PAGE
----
Classic Boat



Staying with material use you inevitably arrive at the question of construction. For steel, should we go for riveted or welded construction? In the old days, more than a few ships sank due to rivets popping out, but it’s still the benchmark for authenticity. Finding a yard capable and courageous enough to rivet a large ship is a project in itself. The next hurdle is to make a case with Lloyd’s who no longer have the people to survey and approve such construction. It can be done: the GL Watson office recently managed the restoration of one of their iconic designs and hired a crew of 100 men to work for two years to rivet a hull.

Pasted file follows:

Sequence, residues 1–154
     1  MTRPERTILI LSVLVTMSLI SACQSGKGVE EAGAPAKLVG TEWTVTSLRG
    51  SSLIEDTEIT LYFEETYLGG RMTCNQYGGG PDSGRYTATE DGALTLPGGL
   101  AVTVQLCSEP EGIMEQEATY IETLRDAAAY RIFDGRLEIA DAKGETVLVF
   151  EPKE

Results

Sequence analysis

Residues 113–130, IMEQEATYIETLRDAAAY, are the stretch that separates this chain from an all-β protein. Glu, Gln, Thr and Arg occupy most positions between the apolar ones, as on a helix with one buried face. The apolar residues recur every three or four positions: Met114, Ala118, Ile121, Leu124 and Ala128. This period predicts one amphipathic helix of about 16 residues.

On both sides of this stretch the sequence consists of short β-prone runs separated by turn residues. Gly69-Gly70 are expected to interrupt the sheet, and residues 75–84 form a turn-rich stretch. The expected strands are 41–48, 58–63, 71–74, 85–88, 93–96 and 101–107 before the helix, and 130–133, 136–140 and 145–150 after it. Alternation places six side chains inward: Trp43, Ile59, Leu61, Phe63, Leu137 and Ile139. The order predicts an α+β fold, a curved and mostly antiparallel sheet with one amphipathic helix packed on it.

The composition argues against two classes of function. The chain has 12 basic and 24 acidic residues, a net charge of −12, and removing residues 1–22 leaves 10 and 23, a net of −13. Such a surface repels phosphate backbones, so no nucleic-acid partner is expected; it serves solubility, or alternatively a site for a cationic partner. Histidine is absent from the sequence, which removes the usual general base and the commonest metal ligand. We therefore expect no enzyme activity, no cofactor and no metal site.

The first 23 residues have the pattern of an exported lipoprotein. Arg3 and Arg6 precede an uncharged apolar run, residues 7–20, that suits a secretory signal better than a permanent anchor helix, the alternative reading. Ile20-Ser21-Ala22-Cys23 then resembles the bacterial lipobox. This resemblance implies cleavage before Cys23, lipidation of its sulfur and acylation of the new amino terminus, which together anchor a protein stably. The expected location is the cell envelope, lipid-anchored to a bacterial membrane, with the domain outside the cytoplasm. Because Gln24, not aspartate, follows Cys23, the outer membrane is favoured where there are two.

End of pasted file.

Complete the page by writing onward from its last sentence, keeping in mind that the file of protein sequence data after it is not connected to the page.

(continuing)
The result took my breath away but very few are ready to shoulder the expense as the labour cost is two to three times that of welding, an increase of a million Euros or more to a schooner like Atlantic.


Another eternal dilemma is what to do with boats designed with centreboards. Westward was easy as she didn’t have one. Atlantic, Elena and Ingomar had centreboards, as did all J boats from the 1930s. They increased lateral surface upwind but were a nightmare to maintain. Usually they were huge, solid bronze plates lowered and hauled by captive winches. The cases also attracted shellfish and other sea life. As their population grew they blocked the thing

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